Zero Fill

Battles have all the subtlety of throwing a super sentai squad and some fireworks into a washing machine and hitting 'spin'

In Accel World's jargon Zero Fill is when, due to lack of willpower, the signal transmitted to an avatar is reduced to zeros only. A fitting analogy for a series which, despite some promising foundations, an unconventional protagonist and a general high level of visual polish, ends up being brainless and largely unfulfilling.

It's not surprising given how exposition and the script in general is delivered like a kudgel to the forehead. Regardless of ongoing events, be that an all out war or impending attack , meticulous explanations as to what is going on are sure to follow. Combined with the protagonist's ostensibly chivalrous but archaically chauvinistic desire to protect the gaggle of women folk who flock around him, it's not long before genre titans like Bleach and Naruto begin to exert their influence.

The start is promising: Harayuki's portly girth and dimuntive stature proved divisive for the audience with many turning off shortly after the opening episodes. That he was different visually from the common Dullster McBlandypants that usually populate anime seemed reason enough to stick with it, that he was the subject of bullying is not unsurprising and perenially topical within Japan.

But of course the love interest, the aerodynamic and quietly worshipped "Snow Black", takes him figuratively and virtually under her wing in order to... Drive the plot forward? Her overtures towards Haruyuki obviously lean towards the romantic but it's left as a hanging question as to why their relationship developed to begin with. There are of course other female characters who intersect with him and run the gamut from the spikey childhood friend to the obnoxious child prodigy, even a motorbike riding maid is ham-fistedly crowbarred in.

This is after all an absurd proposition: a bevy of technologies that defy physical and biological limitations but are relegated to a small subset of Japanese youths. Why not have a harlequin and a blue Transformer attack a faceless woman with blades for hands? Why not have a red Thundercat and a Bubble Bobble dragon shooting the breeze in a virtual Akihabara bar? The ridiculousness and inventiveness in avatar design and teenage stupidity is just enough to carry the series, helped along by some wonderful tertiary characters - one missing her legs, another a foul mothed biker punk - who show there are nuggets of good ideas hidden amongst the technicolour robot menagerie.

All of that goodwill is useless though in the face of an impotent and unsatisfying second half, championed by an antagonist so dastardly he may as well be twirling a pantomime mustache and swearing at kittens every time he is on screen. So gloriously unhinged is he that a late stage attempt to humanise him falls just before he stops becoming a threat to the incompetent inner group. The same group who dramatically realised they should tell each other everything in the former half of the series, but then proceeded to not tell each other anything in the latter.

To its credit, the series writes out the thoroughly overpowered Snow Black by shipping her off to Okinawa for a pace breaking sidestory heavy with sapphic overtones. This means the "well I'm level 9" automatic-win no longer applies to Harayuki which comes dangerously close to forcing some personal development on him and revealing an underlying quest for individuality. But then she arrives to save the day anyway, all but shouting "deus ex machina!" as she swoops in on her flying black pony. This is the girl Harayuki swears he will protect despite her solving almost every problem for him thus far and being more than capable and confident on her own.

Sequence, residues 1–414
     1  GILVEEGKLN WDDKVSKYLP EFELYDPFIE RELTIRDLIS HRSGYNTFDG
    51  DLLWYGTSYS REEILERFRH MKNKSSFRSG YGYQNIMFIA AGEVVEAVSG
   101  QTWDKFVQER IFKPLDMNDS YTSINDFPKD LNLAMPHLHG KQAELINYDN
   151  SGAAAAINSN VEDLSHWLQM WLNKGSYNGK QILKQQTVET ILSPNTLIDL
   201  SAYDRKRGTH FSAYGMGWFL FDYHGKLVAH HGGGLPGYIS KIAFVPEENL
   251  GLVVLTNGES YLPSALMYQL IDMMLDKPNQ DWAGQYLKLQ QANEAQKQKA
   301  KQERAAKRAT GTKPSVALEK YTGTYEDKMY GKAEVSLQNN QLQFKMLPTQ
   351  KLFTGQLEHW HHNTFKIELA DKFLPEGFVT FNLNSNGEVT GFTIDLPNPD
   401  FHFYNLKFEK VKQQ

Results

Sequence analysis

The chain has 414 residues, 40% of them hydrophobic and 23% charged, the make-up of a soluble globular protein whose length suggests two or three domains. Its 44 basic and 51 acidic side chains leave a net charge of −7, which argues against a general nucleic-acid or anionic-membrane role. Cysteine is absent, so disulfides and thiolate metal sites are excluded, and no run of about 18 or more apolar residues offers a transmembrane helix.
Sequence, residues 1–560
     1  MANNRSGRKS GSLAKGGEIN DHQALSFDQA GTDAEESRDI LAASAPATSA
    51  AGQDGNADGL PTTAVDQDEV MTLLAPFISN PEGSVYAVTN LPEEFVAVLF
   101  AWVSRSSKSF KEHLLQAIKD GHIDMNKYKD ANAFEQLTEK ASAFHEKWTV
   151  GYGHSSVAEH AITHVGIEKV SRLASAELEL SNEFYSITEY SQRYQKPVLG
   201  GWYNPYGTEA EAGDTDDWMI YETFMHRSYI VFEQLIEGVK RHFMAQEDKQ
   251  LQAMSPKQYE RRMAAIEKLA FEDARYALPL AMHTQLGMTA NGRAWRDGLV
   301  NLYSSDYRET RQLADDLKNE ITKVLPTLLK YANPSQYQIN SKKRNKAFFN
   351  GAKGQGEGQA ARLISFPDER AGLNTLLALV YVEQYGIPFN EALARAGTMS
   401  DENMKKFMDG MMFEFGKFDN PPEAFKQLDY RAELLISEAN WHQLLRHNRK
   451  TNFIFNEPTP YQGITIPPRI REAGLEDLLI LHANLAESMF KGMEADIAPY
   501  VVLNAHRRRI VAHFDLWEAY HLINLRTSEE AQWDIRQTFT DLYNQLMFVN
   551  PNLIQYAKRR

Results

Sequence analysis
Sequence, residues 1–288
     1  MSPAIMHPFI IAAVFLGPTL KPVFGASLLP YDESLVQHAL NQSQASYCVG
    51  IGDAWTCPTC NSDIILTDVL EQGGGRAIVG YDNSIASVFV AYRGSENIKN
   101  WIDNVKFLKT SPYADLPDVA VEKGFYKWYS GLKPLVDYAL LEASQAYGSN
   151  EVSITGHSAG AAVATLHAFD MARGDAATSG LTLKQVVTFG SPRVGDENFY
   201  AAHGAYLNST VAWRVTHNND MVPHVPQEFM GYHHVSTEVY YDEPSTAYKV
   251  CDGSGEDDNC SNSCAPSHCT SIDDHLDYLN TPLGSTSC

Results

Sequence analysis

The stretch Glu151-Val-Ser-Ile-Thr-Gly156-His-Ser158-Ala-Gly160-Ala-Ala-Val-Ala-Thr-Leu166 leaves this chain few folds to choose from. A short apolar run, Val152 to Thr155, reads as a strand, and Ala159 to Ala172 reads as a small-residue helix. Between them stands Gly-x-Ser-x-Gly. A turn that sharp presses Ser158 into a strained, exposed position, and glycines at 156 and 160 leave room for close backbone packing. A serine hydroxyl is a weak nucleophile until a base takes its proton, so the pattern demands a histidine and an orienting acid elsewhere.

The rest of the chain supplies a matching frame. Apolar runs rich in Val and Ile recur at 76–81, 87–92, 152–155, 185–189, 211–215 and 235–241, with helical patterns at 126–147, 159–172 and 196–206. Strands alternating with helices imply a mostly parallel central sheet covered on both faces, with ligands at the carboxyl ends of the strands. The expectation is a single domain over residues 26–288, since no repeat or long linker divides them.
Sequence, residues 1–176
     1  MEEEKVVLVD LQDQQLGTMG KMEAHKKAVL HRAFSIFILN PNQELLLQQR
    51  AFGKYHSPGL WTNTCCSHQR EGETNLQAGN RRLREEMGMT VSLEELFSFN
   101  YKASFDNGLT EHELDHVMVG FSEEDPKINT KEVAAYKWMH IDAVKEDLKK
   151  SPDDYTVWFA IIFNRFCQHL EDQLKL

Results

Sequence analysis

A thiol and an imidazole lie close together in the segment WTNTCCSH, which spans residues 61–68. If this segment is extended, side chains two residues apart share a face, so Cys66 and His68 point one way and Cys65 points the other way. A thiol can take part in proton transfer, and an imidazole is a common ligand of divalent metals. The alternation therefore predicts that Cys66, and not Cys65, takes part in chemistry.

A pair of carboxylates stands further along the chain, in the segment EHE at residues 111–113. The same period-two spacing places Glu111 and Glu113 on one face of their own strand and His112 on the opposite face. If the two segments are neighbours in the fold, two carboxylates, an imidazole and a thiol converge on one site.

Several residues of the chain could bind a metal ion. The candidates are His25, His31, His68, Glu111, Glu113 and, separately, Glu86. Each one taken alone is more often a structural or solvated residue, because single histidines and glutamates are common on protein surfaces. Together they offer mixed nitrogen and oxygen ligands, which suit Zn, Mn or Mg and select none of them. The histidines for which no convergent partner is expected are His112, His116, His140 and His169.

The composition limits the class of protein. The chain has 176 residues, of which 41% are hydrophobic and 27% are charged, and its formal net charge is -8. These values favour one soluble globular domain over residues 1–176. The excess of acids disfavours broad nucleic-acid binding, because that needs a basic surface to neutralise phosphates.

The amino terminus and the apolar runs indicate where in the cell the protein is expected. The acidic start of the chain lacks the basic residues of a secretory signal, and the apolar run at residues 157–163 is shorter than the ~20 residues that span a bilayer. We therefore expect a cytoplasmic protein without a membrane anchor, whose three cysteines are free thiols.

This though is perhaps missing the point to Reki Kawahara's other virtual world romp which may be deficient in many of the areas that count, but is trashy enough to slip by without too much friction and flashy enough to be entertaining when it needs it most. Battles however tend to have all the subtlety of throwing a super sentai squad and some fireworks into a washing machine and hitting "Spin", not helped by thumping techno music (KOTOKO's opening not withstanding) and primal yells from the main cast.

The good parts then - the fairy-tale leanings, the H.R. Giger-esque level designs, the out-of-body disassociation when using the "Burst Link" - are too well camouflaged by the uninspired dreck and forgotten plot threads around it. With hushed rumours of a second season in the pipeline and plenty more material from a writer who has proven a commercial success, it's still possible that Accel World will manage a net positive. More likely however it will retain the dullard approach it showed with this series: all pomp and glitz but zero depth.

Responses to “Zero Fill”

Well, well said. Pretty much what I had in mind. Just a couple things.

1. KOTOKO got the first ED. Love that song.
2. The comparison with SAO is apt, but I would add that having the RL binary with the virtual (and again in the Brain Burst world, so essentially this story is contained in separate 3 worlds) gave Accel World a thematic balance that SAO lacks entirely. Of course, I think Accel World is significantly better in some aspects (theme and plot) as a result.
My mistake on KOTOKO, what I get for just having the whole Accel World music collection on shuffle.

And re: Sword Art, totally agree. SAO so far (I'm not familiar with the original novels) could just have easily been a straight fantasy series and doesn't use the "trapped in a virtual world" at all well. In that respect AW is more on message though I would hesitate to lay too praise at either series feet.
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